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The Floor Area Ratio (FAR) is the ratio of a building’s gross floor area to the total size of the land upon which it is constructed.

Floor Area Ratio( FAR) is a mathematical formula that determines how many square feet can be developed on a property in proportion to the plot area. The property area is multiplied by the FAR factor; with the result being the maximum floor area allowed for a structure on the lot. Local Zoning laws will assign a designated FAR based on the zoning section and structure use. The size of the structure will be directly impacted by the FAR assigned to the specific plot. The larger the FAR, the larger the structure can be. Understanding Floor Area Ratio is an essential demand for real estate development.

Understanding the basics of FAR will allow you to determine how numerous square feet can be developed on a property, or if there’s any room for expansion of a current structure on a lot. The FAR figures can also determine if there are available air rights to sell on the property. This composition is based on City Zoning but the generalities can apply beyond any areas that use FAR as a metric for development regulations.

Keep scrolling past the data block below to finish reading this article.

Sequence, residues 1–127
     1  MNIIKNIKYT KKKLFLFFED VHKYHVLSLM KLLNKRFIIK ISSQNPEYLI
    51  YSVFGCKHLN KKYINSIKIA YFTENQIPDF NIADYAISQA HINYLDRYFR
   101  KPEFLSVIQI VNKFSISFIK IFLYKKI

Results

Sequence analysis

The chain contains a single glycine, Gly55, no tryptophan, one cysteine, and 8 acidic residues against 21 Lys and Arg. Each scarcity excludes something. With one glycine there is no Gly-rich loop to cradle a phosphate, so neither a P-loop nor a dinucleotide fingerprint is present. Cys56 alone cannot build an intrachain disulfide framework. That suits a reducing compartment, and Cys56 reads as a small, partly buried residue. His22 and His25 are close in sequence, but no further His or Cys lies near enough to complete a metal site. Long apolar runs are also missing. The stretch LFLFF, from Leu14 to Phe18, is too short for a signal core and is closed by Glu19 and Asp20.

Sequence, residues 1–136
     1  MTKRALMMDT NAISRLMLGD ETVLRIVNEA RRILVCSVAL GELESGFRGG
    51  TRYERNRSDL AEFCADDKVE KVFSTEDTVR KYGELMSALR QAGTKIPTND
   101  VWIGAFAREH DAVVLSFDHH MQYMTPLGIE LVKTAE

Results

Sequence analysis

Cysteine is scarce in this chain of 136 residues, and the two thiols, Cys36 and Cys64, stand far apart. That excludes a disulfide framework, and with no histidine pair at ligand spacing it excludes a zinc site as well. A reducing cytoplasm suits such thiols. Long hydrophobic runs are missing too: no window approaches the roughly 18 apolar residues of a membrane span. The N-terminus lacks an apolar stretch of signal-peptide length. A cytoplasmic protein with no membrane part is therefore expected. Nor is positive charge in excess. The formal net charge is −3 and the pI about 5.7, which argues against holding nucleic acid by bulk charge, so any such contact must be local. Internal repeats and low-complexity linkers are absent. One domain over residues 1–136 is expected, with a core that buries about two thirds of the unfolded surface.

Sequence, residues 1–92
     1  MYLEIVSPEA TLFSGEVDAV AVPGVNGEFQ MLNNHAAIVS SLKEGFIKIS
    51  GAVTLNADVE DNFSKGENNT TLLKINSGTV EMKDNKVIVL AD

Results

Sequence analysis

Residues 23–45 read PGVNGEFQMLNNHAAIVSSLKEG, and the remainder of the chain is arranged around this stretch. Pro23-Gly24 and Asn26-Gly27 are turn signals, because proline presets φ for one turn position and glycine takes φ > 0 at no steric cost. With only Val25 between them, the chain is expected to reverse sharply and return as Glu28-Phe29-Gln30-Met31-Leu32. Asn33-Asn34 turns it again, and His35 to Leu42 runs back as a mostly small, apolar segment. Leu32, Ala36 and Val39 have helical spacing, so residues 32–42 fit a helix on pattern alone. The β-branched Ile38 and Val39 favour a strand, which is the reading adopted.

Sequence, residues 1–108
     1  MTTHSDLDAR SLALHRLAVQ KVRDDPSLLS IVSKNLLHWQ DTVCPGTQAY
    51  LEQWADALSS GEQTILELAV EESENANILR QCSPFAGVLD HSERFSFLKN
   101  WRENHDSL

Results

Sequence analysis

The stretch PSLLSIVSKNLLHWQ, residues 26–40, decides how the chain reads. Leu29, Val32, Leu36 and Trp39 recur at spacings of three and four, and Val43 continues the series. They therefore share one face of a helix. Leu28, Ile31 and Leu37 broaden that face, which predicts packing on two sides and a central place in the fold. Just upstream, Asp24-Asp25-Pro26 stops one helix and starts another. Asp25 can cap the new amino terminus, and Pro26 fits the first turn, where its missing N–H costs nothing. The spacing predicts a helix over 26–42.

FAR Calculation Example

Plot Width = 30 Feet

Plot Length = 100 Feet

Plot Area = 30’ x 100’ = 3,000 Square Feet

Allocated FAR = 4.0

FAR x Plot Area = Maximum Buildable Area

4.0 x 3,000 SF = 12,000 SF

This property can be developed with a 12,000 square foot building. This is called the Zoning Floor Area.

FIND THE FAR FOR YOUR ZONE :

The regional zoning laws will identify what the FAR ( Floor Area Ratio) is for your zoning district. Depending on the district, specific property conditions, and proposed constructing use. In different cases, these may be easier or more complicated to figure out. For instance, a mixed-use structure may have a different FAR for each use.

MAXIMUM BUILDING AREA
Once you have your maximum structure area. You can now get an idea of how large of a design you can put onto a lot. You can also subtract the size of the current structure on a lot to see how important an expansion is allowed.